6. We decided that there were a few unwanted Frequencies in our Snare, and it could also do with a bit more ‘snap’ and a bit more ‘punch.’ By boosting around 200 Hz this really brought the bottom end of the drum out and gave it more impact. A gently boost around 6KHz made it a little more crisp, and a gentle cut at around 1KHz and a cut below 100Hz got rid of the frequencies that we didn’t want.

Tutorial: Fat Drum Mixing

7. Once you are happy with your Snare and Kick, move on to your hats and effects. We decided ours had some low frequencies which we didn’t want, so we cut them out and boosted the highs to get them nice and crisp. They didn’t need any compression, but we added a little delay to the Closed Hi Hat as it was a little sparse and needed filling out.

Tutorial: Fat Drum Mixing

8. Now comes the fun part! We want to Bus our whole drum kit to a single channel, so that we can apply effects to the whole beat and really start to fatten the sound up. Open up your Mixer, and on each Channel Strip you will see its Output, which is located below the Instrument. It will be defaulted to Output 1-2, but we want to change this to a Bus, so select a free bus, which in this case is Bus 1, and send your channel there. Do the same for all your other drum channels containing your individual drum sounds (Kick, Snare, Hi Hat and so on…)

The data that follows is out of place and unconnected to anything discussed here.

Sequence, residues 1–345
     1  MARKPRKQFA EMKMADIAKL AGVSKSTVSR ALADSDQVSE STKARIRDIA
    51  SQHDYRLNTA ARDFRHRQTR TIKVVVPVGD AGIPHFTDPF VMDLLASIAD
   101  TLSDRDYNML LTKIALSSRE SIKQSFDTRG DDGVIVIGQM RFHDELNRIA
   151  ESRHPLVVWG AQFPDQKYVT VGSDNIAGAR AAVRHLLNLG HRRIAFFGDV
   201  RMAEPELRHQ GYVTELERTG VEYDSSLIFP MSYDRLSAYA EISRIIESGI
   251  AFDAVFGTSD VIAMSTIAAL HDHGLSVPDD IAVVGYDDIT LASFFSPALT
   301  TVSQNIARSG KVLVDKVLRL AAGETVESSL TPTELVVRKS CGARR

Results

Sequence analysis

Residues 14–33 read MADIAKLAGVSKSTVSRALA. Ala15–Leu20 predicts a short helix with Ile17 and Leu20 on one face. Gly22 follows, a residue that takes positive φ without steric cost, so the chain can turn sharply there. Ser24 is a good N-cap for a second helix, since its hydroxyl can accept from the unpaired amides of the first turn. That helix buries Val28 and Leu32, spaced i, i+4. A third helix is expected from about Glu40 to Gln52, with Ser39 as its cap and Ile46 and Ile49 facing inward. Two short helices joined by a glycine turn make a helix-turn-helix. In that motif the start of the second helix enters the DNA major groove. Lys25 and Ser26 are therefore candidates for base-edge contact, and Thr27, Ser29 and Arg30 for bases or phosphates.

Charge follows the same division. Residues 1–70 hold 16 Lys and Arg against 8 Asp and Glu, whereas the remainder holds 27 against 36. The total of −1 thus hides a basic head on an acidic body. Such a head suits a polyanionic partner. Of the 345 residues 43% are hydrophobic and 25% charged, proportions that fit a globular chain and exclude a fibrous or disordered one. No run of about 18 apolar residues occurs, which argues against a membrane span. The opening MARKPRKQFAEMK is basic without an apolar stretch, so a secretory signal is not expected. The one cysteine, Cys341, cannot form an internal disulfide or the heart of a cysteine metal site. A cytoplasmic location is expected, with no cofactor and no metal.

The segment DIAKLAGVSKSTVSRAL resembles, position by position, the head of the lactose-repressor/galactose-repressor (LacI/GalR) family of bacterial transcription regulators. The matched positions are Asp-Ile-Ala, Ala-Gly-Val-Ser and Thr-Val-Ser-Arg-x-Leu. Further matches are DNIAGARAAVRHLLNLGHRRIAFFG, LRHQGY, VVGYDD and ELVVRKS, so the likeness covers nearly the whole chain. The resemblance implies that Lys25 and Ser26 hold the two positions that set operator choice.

Tutorial: Fat Drum Mixing

9. If using Logic, in your mixer you will notice a new Channel Strip has been added, called Aux 1. We want to change this to Drums. Now all your Drums are coming here, basically, whichever software you are using, you want to set this up 9as described above) so that you can apply effects to the whole kit as a whole. We are going to start with Compression. You may wish to use a Preset and then change it to suit your needs. We have used a moderate Threshold of -9dB, a ratio of 4:1, and a moderate attack of 20ms. We have also used a built in Limiter to Limit the really loud parts (in this case the Snare.) You should be able to hear how the whole Kit sounds louder and more ‘level.’ By Compressing your Drum Kit as a whole in the mix, it really gives you more headroom, and helps to glue the drums together nicely.

Tutorial: Fat Drum Mixing

10. Now you may want to add some EQ. As you have EQ’d you drums separately, the main objective here is to get rid of unwanted or muddy frequencies, and maybe make room for other instruments in your mix. We rolled off below 40Hz to get rid of any unwanted rumble, dipped a little at about 250Hz to get rid of some ‘muddiness,’ and a little at around 1.5kHz to get rid of some harshness, and then a tiny gain above 10kHZ to add a little more ‘sparkle.’

Tutorial: Fat Drum Mixing

And that is how to create Phat (yes….with a Ph…) sounding drums! For extra dirtyness, add mild Distortion or Bit Crushing to your Snare, or even your whole Kit!

This article is part of music production tips & tricks from PrimeLoops, and thanks to the collaboration with FindRemix I bring it here to you :)

You can download this article in PDF format.